The more of Klaus Mann's work I read, the more of a fan I become.
It took me a while to read Treffpunkt im Unendlichen not because I the book wasn't good, but because I needed to get rid of some other distractions to spend time sinking into the book. Luckily, I have finally had that lazy Sunday that enabled me to do that.
There is not much of a plot to the book. It is the story of a group of young friends who start their own lives and careers in the late 1920s / early 1930s Berlin and all the entanglements that this brings - Treffpunkt im Unendlichen is as much an account of the Lost Generation as Fitzgerald's stories, tho I by far prefer Mann's.
In contrast to Fitzgerald, Mann does not hold back on the descriptions of the full range of emotional sensations, not does he spare the details of the seedier side of life - prostitution, drug abuse, suicide, cruelty. Not that his books are dwelling on these themes, but they are present. Where Fitzgerald always caused me to revel in the descriptions of the age but wanting to slap his whiny characters, Mann's characters are much less self-absorbed and create a sense of community on the page that makes it easy to join in, even if this community is dysfunctional.
The dysfunction and doom do not come across as dramatic devices, either. Rather the fates of Mann's characters are mere observations of what happened to people around him, chronicles of the forgotten, the lost of the Lost Generation. There is some realism in this book that surpasses the descriptions of bright city lights, cosmopolitanism, parties, cabarets. There is a sense of foreboding. There is a sense of uncertainty. Most of all there is a sense of how differently people are affected by the ever-changing demands of the world around them, and how at the end of the day each person has to find a way to cope that works for them, because community can be marred by unreliability.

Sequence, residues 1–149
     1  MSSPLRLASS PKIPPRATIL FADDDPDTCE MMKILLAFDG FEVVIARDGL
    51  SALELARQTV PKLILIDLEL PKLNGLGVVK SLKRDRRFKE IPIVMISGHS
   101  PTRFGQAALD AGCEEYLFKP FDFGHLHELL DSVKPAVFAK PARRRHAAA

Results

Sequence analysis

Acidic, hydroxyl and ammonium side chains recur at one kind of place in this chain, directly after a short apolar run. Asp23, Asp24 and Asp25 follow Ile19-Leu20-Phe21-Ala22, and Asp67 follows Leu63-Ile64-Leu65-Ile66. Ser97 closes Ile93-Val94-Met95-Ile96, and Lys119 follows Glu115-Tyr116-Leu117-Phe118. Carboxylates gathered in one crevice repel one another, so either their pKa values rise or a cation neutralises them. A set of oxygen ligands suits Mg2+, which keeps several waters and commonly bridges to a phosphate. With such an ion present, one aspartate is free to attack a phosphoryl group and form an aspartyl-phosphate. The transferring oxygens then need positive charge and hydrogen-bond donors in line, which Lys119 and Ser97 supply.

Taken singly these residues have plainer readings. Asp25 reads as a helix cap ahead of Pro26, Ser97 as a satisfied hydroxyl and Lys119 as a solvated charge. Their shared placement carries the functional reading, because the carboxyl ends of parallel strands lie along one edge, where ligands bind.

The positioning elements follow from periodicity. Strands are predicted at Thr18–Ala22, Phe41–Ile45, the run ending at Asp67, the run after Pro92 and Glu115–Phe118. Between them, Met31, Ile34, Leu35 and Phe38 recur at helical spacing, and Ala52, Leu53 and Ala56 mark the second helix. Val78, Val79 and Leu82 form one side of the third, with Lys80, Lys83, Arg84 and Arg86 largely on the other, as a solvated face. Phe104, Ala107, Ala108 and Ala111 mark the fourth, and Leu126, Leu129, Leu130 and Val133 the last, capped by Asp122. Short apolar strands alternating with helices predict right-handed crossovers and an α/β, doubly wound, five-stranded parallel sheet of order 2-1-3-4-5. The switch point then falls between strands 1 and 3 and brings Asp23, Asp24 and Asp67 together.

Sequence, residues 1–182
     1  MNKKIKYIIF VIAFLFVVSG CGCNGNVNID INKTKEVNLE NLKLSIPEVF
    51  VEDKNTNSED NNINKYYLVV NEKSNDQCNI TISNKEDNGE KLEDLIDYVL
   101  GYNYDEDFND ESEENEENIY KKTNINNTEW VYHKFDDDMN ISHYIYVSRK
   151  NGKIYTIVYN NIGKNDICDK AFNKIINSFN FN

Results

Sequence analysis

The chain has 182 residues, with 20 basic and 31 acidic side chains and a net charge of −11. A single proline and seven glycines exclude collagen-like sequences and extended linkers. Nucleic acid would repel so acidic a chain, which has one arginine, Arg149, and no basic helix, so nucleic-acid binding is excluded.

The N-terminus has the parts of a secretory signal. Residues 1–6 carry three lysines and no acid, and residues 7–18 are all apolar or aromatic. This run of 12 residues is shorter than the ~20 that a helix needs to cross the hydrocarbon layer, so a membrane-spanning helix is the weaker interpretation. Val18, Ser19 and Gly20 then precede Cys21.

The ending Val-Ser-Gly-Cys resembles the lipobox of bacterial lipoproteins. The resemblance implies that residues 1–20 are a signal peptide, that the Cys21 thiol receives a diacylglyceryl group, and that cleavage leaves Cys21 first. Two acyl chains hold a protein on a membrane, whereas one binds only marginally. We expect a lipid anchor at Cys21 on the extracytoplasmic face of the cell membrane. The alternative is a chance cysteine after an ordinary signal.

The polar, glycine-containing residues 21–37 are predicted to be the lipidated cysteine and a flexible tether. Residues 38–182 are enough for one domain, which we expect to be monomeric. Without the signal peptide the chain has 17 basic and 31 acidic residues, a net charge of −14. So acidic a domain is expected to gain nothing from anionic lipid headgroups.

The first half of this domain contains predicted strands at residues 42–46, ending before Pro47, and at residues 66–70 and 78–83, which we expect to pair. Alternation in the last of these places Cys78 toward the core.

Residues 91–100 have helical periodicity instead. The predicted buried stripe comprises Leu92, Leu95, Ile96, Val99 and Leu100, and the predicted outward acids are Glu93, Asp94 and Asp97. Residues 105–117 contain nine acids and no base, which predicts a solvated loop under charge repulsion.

I loved it.
P.S. If people were upset by Mann's depiction of Gustaf Gruendgens in his celebrated work Mephisto, they clearly haven't read this one. The character of Gregor seems to be a blueprint of the character that Henrik Hoefgen in Mephisto was going to be.
P.P.S. I deliberately do not make comparisons to Hemingway. Hemingway's characters (and maybe the man himself) had the emotional range and empathy of a block of wood. In my view, he's just pretty overrated.
P.P.S. I don't know if Treffpunkt im Unendlichen was ever translated other than into Danish (when it was published in 1932), but the title is an interesting choice - I would translate it as "meeting point in infinity", although I have seen people describe it as "rendesvous in eternity". Part of the point of the characters experience is that they long to find someone that they can be one with, but it is not clear whether this is possible or whether are forever existing as separate entities living in parallel with others. But there is some hope that these parallels will cross or "meet" at some point.
Interestingly, this seems to be a point that Carson McCullers seems to take up in her work, too. (McCullers knew Mann, and his sister, and their friends.) It was interesting to see the parallels (ha!) between both writers, but of course I could not say whether McCullers drew any inspiration from Mann's work (even tho she was decidedly close to a mutual friend).
(Erika Mann, Klaus Mann, Pamela Wedekind, Gustav Grundgens - all of whom are reflected in Mann's characters)